Now that Morning, Sometimes, Maybe is available - it's being sold at several online retailers, accessible through the band's web site at https://www.tradebit.com - the expected supporting tour is soon to follow, though the band is looking to refine itself even further before hitting the road. "We're gonna be rehearsing pretty rigorously during June," Martucci says, "We'll do some scattered shows in June and July, and then in August we're planning a tour down the east coast. We're gonna be working with an agency to hopefully spread the love, and that should be pretty exciting for us - it'll be my first adventure on the road... I think it might be the first for all three of us, actually."
The band shouldn't find the road to be a lonely one, though - they're good at what they do, they've got the songs to prove it, and though they might not be consciously trying to, they're keeping the flame alive for those of us who really miss the near-forgotten rock we grew up with.
Valley Advocate 2004
Nice Guys Finish First
By Gary Carra - December 2, 2004
Echoing August may rock, but clearly they've never read the lifestyle handbook.
I mean, just look at their press photo ... they're smiling.
Everyone knows rock bands should stand against a graffiti-laden wall or in a field, fold their arms across their chests and sneer. I even hear that the August-onians are polite and kind to venue personnel and ... gasp ... have positive interactions with their fans while onstage.
"It's part of our philosophy," explains guitarist Nick Martucci. "A lot of bands spend a lot of time looking the right connections, but in reality, just being hardworking, nice people can get you far."
Considering the high profile ventures his band is currently involved with, Martucci may be onto something. It was Echoing August's "nice guys finish first" attitude that led a friend of a friend to contact his friends at CBS on behalf of the popular area trio. By the time the last e-mail was answered, Martucci and bandmates Shawn Sandi and Pat McCarthy would find themselves on the set of runaway hit Cold Case, filming a scene for next season's episode number 10.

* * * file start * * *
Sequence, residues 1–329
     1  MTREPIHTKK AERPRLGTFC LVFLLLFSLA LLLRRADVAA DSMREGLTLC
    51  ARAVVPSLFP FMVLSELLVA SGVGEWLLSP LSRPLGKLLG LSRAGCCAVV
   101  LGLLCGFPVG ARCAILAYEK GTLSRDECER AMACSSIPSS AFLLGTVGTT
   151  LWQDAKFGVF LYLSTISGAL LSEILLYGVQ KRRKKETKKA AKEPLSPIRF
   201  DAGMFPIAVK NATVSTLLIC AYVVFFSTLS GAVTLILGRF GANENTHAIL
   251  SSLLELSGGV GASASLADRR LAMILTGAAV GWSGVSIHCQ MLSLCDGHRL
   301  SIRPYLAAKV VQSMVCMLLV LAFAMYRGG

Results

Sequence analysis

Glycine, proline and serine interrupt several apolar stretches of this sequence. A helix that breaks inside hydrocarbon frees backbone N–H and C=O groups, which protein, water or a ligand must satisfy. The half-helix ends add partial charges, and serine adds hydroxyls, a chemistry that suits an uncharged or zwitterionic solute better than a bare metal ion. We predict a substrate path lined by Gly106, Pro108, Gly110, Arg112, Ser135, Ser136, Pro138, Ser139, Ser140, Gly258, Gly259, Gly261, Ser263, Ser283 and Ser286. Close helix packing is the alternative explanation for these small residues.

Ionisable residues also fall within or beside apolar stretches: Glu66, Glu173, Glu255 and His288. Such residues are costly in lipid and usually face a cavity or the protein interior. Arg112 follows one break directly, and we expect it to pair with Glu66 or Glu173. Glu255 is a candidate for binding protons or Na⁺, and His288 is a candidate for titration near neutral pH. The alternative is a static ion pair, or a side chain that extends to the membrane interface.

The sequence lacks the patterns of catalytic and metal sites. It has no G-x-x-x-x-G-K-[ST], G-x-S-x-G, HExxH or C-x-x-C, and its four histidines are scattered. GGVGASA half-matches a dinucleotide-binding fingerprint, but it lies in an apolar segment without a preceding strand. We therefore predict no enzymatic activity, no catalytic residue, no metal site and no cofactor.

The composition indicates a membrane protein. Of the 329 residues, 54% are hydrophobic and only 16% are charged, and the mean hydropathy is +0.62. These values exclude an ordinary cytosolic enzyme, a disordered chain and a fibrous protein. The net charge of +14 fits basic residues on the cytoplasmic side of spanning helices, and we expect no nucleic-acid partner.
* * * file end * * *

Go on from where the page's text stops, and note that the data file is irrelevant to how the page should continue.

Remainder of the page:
"The shoot was in L.A., but the story line is actually based in a New Haven, Conn. nightclub," Martucci explains. "We just signed a release for CBS to use our image and logo."
For those who can't wait until 2005 for EA's small-screen debut, the band will also be appearing live this weekend, Dec. 2., at Hartford's Webster Theater. It's a "nice" little opening slot for multi-platinum artists Better Than Ezra.
Connecticut Post 2002
Echoing August Set to Record
By Sean Spillane - May 2, 2002
Nick Martucci of Fairfield started playing guitar back in the eighth grade for one simple reason: Girls.
"I think everybody would be lying if they didn't say girls, Martucci, 19, said in a recent phone interview. "I guess I [learned guitar] just to be cool, but I definitely took a liking to it.
Martucci was in the local band Zero Chance for nearly six years before he and bassist Pat McCarthy, 19, another Fairfield native, left the group. The two kept playing together and last August started their own band, Echoing August, with drummer Dylan Teed, 19, an acquaintance of Martucci's from high school.
"Pat and I just kept writing new songs and writing new songs and we just wanted to get out there and play, Martucci said of the formation of Echoing August, which will play a free show Friday night at 8 at the Main & Perk coffeehouse in Stratford.